Sixty Minutes of Sin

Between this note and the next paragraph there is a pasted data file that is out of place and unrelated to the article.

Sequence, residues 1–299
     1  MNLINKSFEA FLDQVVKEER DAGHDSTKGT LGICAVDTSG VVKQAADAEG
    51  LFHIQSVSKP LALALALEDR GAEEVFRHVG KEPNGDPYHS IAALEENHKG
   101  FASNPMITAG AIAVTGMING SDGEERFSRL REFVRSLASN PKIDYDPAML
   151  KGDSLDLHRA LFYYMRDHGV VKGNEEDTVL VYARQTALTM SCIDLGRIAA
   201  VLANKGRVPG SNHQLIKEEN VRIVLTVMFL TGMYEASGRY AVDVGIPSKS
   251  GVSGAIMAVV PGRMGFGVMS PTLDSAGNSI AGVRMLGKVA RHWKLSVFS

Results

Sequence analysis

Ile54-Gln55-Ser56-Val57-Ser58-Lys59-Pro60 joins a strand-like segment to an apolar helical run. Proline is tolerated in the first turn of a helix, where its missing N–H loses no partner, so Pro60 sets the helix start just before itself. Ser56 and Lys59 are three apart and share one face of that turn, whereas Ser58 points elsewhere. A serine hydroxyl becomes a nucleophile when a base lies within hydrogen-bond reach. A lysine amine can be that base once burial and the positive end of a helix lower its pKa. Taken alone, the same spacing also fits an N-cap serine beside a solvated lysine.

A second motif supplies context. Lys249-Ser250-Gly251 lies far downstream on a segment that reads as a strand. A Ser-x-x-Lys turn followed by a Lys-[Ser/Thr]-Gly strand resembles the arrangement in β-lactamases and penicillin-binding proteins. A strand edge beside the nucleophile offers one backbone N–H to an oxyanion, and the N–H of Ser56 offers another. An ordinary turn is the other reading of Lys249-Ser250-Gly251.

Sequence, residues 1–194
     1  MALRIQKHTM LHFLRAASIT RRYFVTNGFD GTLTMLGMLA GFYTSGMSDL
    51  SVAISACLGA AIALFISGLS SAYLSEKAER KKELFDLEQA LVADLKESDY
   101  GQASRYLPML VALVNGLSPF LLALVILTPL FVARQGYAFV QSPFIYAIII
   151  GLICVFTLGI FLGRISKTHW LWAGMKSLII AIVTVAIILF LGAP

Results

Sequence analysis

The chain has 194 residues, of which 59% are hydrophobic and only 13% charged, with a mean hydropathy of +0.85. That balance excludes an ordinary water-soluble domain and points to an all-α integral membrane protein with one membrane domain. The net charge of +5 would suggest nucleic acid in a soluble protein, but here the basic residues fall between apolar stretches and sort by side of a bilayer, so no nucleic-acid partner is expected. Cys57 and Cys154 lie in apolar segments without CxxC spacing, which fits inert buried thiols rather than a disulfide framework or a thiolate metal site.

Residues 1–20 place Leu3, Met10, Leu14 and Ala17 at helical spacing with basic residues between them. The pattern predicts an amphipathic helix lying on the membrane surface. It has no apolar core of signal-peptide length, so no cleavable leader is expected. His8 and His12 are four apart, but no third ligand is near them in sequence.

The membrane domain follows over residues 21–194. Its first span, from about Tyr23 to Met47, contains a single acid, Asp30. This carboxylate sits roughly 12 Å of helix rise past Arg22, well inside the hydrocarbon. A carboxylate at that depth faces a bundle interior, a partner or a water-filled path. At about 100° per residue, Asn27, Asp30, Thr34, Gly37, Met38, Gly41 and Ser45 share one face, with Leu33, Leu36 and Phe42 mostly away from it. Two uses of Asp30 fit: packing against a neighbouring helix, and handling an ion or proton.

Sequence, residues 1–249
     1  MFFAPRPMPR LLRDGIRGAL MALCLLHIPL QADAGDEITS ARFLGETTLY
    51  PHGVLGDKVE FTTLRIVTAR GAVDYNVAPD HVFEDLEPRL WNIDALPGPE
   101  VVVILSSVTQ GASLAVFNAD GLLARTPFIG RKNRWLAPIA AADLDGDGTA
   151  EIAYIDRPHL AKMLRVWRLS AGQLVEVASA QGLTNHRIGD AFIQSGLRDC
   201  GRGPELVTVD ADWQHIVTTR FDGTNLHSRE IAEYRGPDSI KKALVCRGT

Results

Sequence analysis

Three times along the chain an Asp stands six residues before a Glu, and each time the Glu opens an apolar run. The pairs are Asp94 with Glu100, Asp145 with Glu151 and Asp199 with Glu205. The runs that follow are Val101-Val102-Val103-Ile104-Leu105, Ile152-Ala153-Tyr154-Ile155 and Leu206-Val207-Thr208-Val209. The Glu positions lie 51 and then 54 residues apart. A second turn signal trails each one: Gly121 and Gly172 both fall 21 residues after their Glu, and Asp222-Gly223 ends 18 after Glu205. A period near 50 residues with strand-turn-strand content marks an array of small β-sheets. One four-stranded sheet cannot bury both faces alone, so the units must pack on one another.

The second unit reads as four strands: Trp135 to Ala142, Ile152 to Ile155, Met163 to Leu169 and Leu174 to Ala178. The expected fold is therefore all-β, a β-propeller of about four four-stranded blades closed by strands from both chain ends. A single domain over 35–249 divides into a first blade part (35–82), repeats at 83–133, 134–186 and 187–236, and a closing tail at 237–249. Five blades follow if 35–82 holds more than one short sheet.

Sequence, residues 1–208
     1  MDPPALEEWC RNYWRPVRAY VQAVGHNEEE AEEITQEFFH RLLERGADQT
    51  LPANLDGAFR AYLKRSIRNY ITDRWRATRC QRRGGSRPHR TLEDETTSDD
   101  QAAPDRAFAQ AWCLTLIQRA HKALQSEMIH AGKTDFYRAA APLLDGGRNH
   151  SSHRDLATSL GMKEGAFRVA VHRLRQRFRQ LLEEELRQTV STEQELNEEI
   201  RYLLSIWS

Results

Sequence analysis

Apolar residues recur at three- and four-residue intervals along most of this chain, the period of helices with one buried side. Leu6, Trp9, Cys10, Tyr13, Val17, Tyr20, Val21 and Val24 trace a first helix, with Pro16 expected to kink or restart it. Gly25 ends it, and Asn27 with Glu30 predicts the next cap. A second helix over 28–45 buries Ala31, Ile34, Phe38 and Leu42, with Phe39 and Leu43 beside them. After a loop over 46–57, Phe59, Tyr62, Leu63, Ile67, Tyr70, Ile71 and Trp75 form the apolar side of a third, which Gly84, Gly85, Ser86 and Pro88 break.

'Steve Bice uses my favorite Nashville Songwriting Taboos (drinkin', cheatin', dyin') to remind us what REAL country music sounds like. It's a hell of a day when you have to describe real country music as 'insurgent'. That day has come. Introducing Steve Bice'. Joe X. Horn, KSYM Third Coast Music Network, 1997 That quote from Mr. Horn perfectly sums up Bice's songs. You'll find no candy-coated stories of sanitized lives like those popularized by Nashville's castrated cowboys and prom-date ho's. Bice's songs have been described as 'too real'. He writes hard-core traditional honky tonkers and dark, tragic, folk tales influenced by his musical heros Emmylou Harris, Johnny Cash, and Waylon and Willie. There's no phony posturing about how 'country' he is, either. He's an inner-city guy born in Niagara Falls, N.Y. and now living in Farmington, Mi. Spurred on by a suggestion from Michigan rocker Mark Hiser, lead man for Most Wanted, Bice tried his hand at songwriting. When he completed a group of songs that defined his idiosyncratic 'emotional extremes' style, he contacted Al Perkins, pedal steel-dobro virtuoso and one of the original Flying Burrito Brothers. Under Al's expert direction, what was originally intended to be a set of demos became the first CD, 'The Sin Citizen Sessions'. The enthusiastic reception and resulting worldwide exposure convinced Bice that there was an audience for his unique songs. That response combined with promoter Dave Brogren's idea of utilizing Tom Russell's long-time collaborators, Andrew Hardin and Fats Kaplin, gave Steve the impetus to complete a new song cycle. Their outstanding musicianship perfectly complement his songs on the new CD, 'Sixty Minutes of Sin'. 'Once upon a time country music reflected the emotions and life experiences of mature people. Whether it was love or heartache, disappointment, loss, or facing death, there was a partner-in-spirit in the lyrics of a country song. Here's a complete lyrical study of failed lives and uncertain futures, songs of depression, obsession, desolation, and desperation. Fifty-two minutes of music and Sixty Minutes of Sin'.